In a matter of days or months, shares of thousands of rational traders will go down, causing them to lose maybemillions of dollars. When more traders will lose trust in investing in that region and gold, hundreds of other associated companies will have losses. Suddenly,from a profit perspective, when the market will start to go down, more and more people will take their money out, creating a trend. If unregulated, it could lead to a recession in the region and the market, leading to billions of dollars of losses.
Should we blame this on the factthat the markets are too complex to understand and that these recessions come once every 25or 50 years? Well, we would not be confronting the real question – that based on regressions, equations and other theories, we invested billions and trillions of dollars, which belonged to millions of individuals all over the world. When the investments started to go wrong, all these millions of people suffered losses while they were unaware and helpless on the mercy of economics.
Our system is flawed!As the tiniest of events, a small shift in a single company’s stocks in the world market will have a cause and will lead to another event; no rational man in Wall Street can ever access what is truly happening in the market and what the increase and drop in all the figures mean. When the great mind of Einstein was confronted with issues like that of the cosmos, he did not leave his judgment narrowed to some rules and knowledge which he had; rather, he went to measure what he did not know by Quantum Physics.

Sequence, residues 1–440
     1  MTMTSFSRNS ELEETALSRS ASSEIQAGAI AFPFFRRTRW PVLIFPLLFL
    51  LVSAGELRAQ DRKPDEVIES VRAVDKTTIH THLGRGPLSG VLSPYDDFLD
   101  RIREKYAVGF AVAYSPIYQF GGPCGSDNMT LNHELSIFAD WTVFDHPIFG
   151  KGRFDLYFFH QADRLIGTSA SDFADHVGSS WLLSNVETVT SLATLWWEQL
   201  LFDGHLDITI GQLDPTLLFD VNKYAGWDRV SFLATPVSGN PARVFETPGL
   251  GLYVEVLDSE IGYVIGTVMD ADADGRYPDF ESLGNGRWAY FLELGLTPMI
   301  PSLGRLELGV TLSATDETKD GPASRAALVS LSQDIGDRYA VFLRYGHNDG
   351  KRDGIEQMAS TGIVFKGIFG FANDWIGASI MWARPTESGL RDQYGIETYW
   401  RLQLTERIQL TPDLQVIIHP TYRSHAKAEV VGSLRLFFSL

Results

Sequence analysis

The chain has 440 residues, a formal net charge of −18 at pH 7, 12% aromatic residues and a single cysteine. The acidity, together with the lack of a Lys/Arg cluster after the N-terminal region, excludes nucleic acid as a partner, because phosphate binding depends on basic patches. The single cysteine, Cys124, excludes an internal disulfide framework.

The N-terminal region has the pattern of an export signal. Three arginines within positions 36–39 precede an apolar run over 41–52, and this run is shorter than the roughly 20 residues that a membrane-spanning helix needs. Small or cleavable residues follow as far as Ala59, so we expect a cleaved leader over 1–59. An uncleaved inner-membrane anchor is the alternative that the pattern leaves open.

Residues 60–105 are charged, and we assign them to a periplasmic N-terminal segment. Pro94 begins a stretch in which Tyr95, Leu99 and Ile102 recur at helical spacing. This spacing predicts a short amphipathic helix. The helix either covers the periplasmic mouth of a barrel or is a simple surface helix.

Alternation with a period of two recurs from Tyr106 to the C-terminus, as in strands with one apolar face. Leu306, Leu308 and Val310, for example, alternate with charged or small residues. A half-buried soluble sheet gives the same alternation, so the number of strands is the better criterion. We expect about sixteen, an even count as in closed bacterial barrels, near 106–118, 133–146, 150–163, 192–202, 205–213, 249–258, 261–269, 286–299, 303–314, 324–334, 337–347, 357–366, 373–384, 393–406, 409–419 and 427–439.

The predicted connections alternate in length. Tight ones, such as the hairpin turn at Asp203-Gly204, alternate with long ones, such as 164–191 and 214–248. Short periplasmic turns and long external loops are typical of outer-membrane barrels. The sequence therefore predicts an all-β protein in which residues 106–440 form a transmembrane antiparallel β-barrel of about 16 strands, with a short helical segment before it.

His theory was that by taking samples of any event countless times, one could predict the right outcome almost every time; still, his measurements were only linked with energy. Of course Quantum Physics cannot be used in economics, but we can use advanced algorithms, which will enable us to monitor and regulate events far too complex for any human to understand, so that humans do not have to waste their assets and lifelong savings in world markets, while a few are benefiting and most are at loss. Our economics instruments and tools are flawed, just as a conservative thought may prove to be a flaw to science and spirituality.We cannot play God, but we can definitely be more rational.
How did it begin?
In the 1980s, the financial industry became massive in terms of size, as investment banks went public, while President Reagan’s administration deregulated the saving and loan companies, allowing them to make riskier investments with their depositor’s money. This led to a 124 billion dollar loss in just 10 years, which was all paid by the public.
Still, deregulation continued, and by the end of the 1990s, the financial sector had been monopolized by a few gigantic firms, as failure of even one of these firms could lead to a financial catastrophe. In 1999, The Gramm-Leach-Bliley Act was passed; it repealed part of the Glass–Steagall Act of 1933, removing barriers in the market among banking companies, securities companies and insurance companies that prohibited any one institution from acting as any combination of an investment bank, a commercial bank, and an insurance company. With the passage of the Gramm–Leach–Bliley Act, commercial banks, investment banks, securities firms and insurance companies were allowed to consolidate. The legislation was signed into a law by President Bill Clinton.
The GLB Act permitted the Wall Street investment banking firms to gamble with their depositors’ money that was held in affiliated commercial banks. During a debate in the House of Representatives, Rep. John Dingell argued that the bill would result in banks becoming “too big to fail.” Dingell further argued that this would necessarily result in a bailout by the Federal Government.
President Barack Obama has stated that the GLB led to deregulation that, among other things, allowed for the creation of giant financial supermarkets that could own investment banks, commercial banks and insurance firms, something banned since the Great Depression.